Today, we are going to take a look at implementing infinite scroll on your single (blog) post articles created with Elementor. For this, we will be using Elementor Pro, Ajax Load More and the Single Posts add-on for Ajax Load More.
By the end of this quick start guide I’m hopeful that you will have a better understanding of what it takes to implement infinite scrolling on Elementor post articles.
There are 3 essential steps involved to begin infinite scrolling with Elementor and Ajax Load More – none of these steps are overly difficult or time consuming and should not require a background in website development to complete.
The implementation steps are as follows:
- Create the Elementor Single Template
- Build the Ajax Load More Repeater Template
- Add the Ajax Load More Shortcode
Alright, let’s get started.
1. Creating the Elementor Single Template
The first step is to create your Elementor single template. For this you will go to Templates > Add New in your WordPress admin – this will pop up an Elementor lightbox asking for a few key details.
Users that have already built a custom Elementor Single Template can skip this step and move onto step 2.
Choose Single as the template type and give your template a name that will be easily remembered and referenced later on – e.g. Single Template 🙂
After the template has been created, Elementor will send you directly to the template edit screen. From there you can start dragging and dropping widgets to build out the template for your article pages.
Once you’ve got your Single Template built just right, go onto the next step and create the Ajax Load More Repeater Template.
2. Building the Ajax Load More Repeater Template
For those familiar with Ajax Load More, you know just how important it is to create the perfect Repeater Template. This is the code that will loop over and over as users load additional content via infinite scroll.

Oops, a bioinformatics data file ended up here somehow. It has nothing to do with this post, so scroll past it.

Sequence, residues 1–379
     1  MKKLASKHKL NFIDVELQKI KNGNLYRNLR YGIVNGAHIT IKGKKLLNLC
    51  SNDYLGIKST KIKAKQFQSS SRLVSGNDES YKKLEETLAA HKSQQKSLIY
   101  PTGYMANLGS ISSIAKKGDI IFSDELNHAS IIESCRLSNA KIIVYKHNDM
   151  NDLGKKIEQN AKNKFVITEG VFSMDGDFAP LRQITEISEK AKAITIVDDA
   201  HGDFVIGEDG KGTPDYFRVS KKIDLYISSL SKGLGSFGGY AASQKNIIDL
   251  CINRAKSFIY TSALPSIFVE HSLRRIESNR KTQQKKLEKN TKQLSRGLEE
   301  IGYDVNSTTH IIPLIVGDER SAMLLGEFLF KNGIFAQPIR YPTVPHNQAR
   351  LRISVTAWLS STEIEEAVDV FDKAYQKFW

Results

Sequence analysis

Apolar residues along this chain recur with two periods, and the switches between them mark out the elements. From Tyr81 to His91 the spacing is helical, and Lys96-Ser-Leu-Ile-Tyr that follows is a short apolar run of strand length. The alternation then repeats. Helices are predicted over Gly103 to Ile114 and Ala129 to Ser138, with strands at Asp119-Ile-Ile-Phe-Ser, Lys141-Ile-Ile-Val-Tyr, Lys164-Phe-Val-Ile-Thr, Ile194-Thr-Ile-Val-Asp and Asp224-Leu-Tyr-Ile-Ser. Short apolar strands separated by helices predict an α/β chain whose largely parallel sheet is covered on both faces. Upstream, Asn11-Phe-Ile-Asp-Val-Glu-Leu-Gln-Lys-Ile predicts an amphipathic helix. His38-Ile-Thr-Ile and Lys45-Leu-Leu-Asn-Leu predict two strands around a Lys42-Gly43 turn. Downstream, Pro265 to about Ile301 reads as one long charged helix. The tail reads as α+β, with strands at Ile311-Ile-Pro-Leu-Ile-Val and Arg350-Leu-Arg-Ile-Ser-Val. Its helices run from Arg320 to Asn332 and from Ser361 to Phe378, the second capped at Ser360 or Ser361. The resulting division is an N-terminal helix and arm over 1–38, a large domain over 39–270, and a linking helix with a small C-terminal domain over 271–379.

In your WordPress Admin, goto Templates > Saved Templates and locate your Single Template. Copy the contents of the elementor-template shortcode (on the right side) to your clipboard.
After copying the shortcode, goto Ajax Load More > Repeater Templates and add the elementor shortcode directly to a Repeater Template using the do_shortcode method.
echo do_shortcode('[elementor-template id="64"]');
Pro Tip: Open a Repeater Template with global $post; at the very beginning to ensure the current $post object is always in scope.
When the template has been created, move on to the next step and add the ajax_load_more shortcode to your Elementor footer.
3. Adding the Ajax Load More Shortcode
The next step is to add the Ajax Load More shortcode to the top of your site footer.
In the majority of cases the shortcode is placed in the footer as the site footer is constant element, which means it doesn’t change from post to post. It also allows for Ajax Load More to be loaded independently of the Elementor Single Template which is key to implementing infinite scroll with Elementor.
The process to completion for this step depends on how you’ve decided to build out your content.
Elementor Footer Templates